We spoke with Carolina Chmielewski about Tales from the Wind. Carolina is the performer behind the upcoming production happening at Centaur Theatre as a part of their TD Saturday Morning Children’s Series on February 9, 2019. Carolina also works at Centaur so we were thrilled to talk to her about her experience in theatre!
Quebec Drama Federation: Tales from the Wind is inspired by Brecht’s epic theatre and Peter Brook. Can you tell us a bit about how you bring those qualities to theatre for young people and their families?
Carolina Chmielewski: This has been Cia. Paideia’s research for many years. We try to provoke and invite critical thinking and reflection. This need comes from an urgency to connect theatre and society, what is crucial in theatre for young people. We are inspired by Brecht and Brook to create work in which children can wonder if things should be as they are or if they could be transformed. In terms of the language of theatre, we work on the empty space idea, which is the space of all possibilities. We break with realism and play with theatrical language, allowing the viewer to imagine part of what is shown. We try to include what did not happen in what is shown to indicate that the story could have been different. We use breaks of action, time, space, and character. We try to show the different points of view within the same story. The goal is to create layers, in which different ages will understand and relate to the stories in different ways.
QDF: A theme of intergenerational storytelling and carrying wisdom is present in the production. As the only performer onstage, can you tell us about your technique in performing multiple characters?
CC: I think the first step is to think about why I want to tell these stories and try to understand the different points of view of each character – what are their motivations, issues and contradictions. Then, I create some striking features: it could be with my body, gestures, voices, posture, rhythm or with the gaze. I try to keep a flowing conversation between characters and to be precise when I change between them. I aim to do so without carrying characteristics over from one to the other. The idea is not to create a complete character necessarily, but rather establish some signs for the public to understand the story.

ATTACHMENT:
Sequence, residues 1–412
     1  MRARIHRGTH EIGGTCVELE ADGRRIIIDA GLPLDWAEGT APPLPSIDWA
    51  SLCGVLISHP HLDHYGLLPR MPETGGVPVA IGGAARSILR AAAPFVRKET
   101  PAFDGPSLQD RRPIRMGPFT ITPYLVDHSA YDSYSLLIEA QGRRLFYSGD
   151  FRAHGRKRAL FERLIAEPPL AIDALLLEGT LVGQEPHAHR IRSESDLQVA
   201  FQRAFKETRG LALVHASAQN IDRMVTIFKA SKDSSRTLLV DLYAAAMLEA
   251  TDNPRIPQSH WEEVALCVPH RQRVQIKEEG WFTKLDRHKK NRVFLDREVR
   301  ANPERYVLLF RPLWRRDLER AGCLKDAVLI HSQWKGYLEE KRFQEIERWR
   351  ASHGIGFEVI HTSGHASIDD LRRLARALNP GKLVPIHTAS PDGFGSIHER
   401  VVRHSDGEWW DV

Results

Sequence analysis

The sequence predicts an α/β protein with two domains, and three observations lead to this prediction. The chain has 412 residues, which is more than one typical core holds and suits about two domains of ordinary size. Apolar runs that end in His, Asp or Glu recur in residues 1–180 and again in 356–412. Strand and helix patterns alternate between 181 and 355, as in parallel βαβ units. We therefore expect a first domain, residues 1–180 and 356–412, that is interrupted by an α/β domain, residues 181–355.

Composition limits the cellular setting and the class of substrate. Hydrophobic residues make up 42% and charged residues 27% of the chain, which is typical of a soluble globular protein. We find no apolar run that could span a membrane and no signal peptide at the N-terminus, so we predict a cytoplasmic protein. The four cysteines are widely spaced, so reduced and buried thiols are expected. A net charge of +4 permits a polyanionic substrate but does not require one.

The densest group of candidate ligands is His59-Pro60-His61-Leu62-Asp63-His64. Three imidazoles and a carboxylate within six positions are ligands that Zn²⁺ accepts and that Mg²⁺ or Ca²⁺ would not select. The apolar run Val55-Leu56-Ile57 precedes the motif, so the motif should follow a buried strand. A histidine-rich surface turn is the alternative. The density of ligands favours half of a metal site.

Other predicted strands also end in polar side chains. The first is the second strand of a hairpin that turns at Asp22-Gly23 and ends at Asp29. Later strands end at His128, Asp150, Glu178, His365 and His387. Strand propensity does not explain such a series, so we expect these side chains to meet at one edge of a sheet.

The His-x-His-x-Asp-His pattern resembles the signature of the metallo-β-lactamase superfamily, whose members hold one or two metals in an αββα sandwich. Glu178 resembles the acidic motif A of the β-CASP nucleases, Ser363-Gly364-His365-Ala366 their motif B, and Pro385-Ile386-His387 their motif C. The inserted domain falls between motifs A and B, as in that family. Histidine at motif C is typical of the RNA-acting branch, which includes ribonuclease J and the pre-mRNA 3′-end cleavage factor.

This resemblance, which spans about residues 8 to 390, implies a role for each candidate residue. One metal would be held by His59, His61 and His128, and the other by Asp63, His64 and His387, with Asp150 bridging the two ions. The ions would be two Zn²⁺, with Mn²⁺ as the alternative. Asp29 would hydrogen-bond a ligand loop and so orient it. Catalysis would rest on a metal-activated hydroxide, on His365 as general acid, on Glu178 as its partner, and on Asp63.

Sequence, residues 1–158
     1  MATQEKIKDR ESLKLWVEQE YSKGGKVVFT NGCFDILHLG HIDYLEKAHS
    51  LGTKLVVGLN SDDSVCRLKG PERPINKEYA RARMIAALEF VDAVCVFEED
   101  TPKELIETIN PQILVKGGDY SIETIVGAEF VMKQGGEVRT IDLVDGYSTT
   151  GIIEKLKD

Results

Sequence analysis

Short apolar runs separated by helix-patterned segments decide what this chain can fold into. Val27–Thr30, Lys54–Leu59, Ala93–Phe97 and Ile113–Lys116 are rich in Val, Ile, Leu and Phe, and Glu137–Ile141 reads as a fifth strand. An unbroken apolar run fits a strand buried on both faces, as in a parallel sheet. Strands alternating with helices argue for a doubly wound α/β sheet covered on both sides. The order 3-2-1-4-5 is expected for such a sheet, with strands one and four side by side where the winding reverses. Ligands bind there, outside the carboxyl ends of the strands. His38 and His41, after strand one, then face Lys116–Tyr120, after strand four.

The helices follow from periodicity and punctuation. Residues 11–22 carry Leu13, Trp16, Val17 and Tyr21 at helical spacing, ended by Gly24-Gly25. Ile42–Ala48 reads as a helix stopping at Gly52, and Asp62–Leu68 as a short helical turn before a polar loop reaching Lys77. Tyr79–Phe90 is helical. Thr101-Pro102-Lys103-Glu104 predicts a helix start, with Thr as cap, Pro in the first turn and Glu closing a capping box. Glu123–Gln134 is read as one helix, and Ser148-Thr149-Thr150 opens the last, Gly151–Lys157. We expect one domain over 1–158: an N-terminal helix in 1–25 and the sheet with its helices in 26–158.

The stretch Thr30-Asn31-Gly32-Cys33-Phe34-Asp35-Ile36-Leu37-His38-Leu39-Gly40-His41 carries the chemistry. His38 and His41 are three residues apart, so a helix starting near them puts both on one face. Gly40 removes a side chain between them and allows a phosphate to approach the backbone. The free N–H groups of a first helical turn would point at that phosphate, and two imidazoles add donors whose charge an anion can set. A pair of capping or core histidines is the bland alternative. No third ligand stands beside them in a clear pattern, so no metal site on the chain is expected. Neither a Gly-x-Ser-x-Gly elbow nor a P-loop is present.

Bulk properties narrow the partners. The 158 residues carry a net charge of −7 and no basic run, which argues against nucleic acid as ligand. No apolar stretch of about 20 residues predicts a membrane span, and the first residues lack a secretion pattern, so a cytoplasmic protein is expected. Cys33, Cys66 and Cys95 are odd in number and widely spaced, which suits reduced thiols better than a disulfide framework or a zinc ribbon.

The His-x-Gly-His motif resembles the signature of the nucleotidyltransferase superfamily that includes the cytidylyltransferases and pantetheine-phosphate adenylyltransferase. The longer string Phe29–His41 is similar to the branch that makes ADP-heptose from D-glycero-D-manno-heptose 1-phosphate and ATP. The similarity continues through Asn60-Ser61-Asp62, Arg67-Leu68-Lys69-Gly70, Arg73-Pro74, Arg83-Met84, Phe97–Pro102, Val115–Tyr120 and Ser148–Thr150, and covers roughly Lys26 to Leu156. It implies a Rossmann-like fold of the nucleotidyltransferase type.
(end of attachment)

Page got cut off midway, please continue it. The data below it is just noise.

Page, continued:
QDF: Can you tell us about your creative process performing for children audiences?
CC: For me, this was one of the richest artistic processes I’ve ever participated. The play was created in two versions in parallel: one with three actors and one musician and the other with each actor telling a story alone. The idea is linked to Brecht’s process in which the actors study the scene redoing it with different actors each time. It is a process in which I see my colleague acting and then I select what I want to absorb and what I want to add, so it was a very collective creative process. In addition, we created the play together with a group of students from a public school with which we have a 20-years partnership. The children came to rehearsals weekly to watch and make comments and critiques: the play was built from that exchange. During the process the children also discovered in practice the process of creating and staging a theatrical play.
You can see Tales from the Wind at Centaur Theatre TD Saturday Morning Children Series on February 9, 2019. Tickets are on sale here. Coming up at Centaur: Crabapple Trolls by Comedy Clownesque (Feb 23); FELT by choreographer Bill Coleman (March 9); and PB & Jam by Les CréActifs (March 16)
Carolina Chmielewski is an actress, theatre teacher and producer. Carolina was born in Sao Paulo, Brazil, where she worked for five years at Cia. Paideia de Teatro, a troupe that has an extensive artistic and community oriented work whose main audience is children and young people. She has performed in eight of the company’s productions, being the main role in the play that premiered in Germany in a 5 year partnership with Grips Theatre in Berlin and premiered in Germany. She continues her research on epic theatre language of Bertolt Brecht and Peter Brook. As a teacher, she has worked with various age group, from children to youth people, but also with kindergarten and elementary school teachers. She worked for five years in the production of the Paideia International Theatre Festival for Children and Youth, especially in reception and support to international groups, including the Le Carrousel from Montreal. Carolina lived for one year in Copenhagen, Denmark, where she joined the group TeArt Amateur Theatre Group. Additionally, she worked as a volunteer for the Odin Theatre group and for the April Festival for children and young people. Since October 2017 she has lived in Montreal and currently works as Assistant Box Office Manager at the Centaur Theatre. She participated in workshops with Gervais Gaudreault and Micheline Chevrier and as a volunteer at the Festival Les Coups de Théâtre. In February 2019, Carolina will present a solo work by Cia. Paideia at the Centaur Theatre and will begin her work as assistant director in the play Fragments d’Ana, directed by Ligia Borges Carbonneau.